“Don’t put somebody in charge of our state who does not need all of you, who is not dependent on all of you for re-election,” Kennedy said. “Because if you do that, you will turn the Democratic Party in this state into what the Republican Party has become.” 

To close out the day, Kennedy was asked whether he’d drop out of the race if Cook County Democrats chose not to endorse him. 

Kennedy poked fun at the slating process itself, suggesting most voters don’t care about the endorsement of party bosses who meet in the backroom of a River North steak house.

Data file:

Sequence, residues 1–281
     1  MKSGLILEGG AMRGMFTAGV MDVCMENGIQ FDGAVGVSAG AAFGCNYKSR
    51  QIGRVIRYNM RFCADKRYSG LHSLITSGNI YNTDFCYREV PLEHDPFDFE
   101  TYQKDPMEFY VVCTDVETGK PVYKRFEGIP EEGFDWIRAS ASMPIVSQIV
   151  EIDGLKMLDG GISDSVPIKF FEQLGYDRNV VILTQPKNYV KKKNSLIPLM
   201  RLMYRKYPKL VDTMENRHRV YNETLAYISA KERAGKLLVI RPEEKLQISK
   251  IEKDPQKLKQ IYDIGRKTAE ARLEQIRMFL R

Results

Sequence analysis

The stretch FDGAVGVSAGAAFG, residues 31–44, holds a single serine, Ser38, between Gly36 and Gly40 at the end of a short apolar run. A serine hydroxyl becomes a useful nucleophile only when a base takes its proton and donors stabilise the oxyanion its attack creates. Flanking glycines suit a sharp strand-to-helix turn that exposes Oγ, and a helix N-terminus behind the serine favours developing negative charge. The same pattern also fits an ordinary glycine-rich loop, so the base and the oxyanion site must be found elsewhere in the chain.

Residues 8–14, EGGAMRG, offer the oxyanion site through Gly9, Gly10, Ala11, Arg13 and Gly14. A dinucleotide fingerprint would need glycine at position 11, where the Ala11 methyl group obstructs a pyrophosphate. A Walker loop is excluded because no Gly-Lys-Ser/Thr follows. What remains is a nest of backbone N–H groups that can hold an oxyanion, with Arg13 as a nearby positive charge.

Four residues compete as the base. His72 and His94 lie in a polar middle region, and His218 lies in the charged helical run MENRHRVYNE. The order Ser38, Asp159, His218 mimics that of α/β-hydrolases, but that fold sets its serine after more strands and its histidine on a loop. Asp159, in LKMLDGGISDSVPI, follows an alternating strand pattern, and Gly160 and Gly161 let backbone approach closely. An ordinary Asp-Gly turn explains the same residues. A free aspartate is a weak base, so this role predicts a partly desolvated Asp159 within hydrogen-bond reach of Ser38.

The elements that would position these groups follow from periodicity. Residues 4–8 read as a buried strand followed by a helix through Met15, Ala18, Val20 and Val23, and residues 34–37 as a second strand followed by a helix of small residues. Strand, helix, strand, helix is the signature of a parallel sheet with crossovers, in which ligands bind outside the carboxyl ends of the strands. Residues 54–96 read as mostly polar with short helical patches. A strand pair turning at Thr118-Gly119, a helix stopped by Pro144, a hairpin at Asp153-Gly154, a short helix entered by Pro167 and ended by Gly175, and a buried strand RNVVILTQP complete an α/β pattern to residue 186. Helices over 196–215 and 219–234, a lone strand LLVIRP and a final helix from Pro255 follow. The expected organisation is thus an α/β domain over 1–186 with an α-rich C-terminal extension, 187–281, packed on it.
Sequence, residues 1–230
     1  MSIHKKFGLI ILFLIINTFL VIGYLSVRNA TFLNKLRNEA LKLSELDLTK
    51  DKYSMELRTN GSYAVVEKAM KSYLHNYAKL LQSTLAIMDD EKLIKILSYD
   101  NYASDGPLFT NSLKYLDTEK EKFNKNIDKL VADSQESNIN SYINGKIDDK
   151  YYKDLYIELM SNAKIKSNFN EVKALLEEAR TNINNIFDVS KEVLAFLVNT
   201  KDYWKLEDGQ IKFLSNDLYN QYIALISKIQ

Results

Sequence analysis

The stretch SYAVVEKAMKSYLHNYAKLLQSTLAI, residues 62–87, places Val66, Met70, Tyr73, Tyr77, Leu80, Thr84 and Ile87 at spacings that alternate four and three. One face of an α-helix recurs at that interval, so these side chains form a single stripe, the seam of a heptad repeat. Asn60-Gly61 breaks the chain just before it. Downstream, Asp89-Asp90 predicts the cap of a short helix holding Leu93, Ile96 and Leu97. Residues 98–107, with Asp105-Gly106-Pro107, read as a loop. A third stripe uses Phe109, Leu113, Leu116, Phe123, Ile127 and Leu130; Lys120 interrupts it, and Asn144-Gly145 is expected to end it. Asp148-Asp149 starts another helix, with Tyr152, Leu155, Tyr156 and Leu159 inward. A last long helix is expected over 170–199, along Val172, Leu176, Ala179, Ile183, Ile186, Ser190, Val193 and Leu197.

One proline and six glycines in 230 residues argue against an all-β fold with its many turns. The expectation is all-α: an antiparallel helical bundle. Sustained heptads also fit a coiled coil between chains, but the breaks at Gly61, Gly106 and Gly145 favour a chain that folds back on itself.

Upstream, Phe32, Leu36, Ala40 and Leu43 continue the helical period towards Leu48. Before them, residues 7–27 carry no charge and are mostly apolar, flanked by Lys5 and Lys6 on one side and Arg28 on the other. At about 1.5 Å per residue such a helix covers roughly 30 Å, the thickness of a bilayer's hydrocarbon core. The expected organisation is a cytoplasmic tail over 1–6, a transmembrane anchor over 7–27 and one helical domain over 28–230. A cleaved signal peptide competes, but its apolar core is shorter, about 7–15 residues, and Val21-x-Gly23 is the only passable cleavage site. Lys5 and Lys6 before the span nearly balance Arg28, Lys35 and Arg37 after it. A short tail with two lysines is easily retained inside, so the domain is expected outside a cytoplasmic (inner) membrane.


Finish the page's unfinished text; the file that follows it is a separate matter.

"Is this like the Town and Country restaurant with video?" he said, referring to the late night deal among Democratic power brokers outside of a Chicago restaurant that decided Mayor Harold Washington's successor. 

"I mean, what are we talking about here? We’re in the back room of a restaurant. You think the people of the United States are gonna put up with that? Isn’t gonna happen. Isn’t gonna happen. I love you all. I mean no disrespect. But the last thing you wanna do is that."

Tony Arnold covers state politics for WBEZ. You can follow him at @tonyjarnold

Correction: An earlier version of this story mischaracterized Chris Kennedy's reference to the Town and Country Restaurant.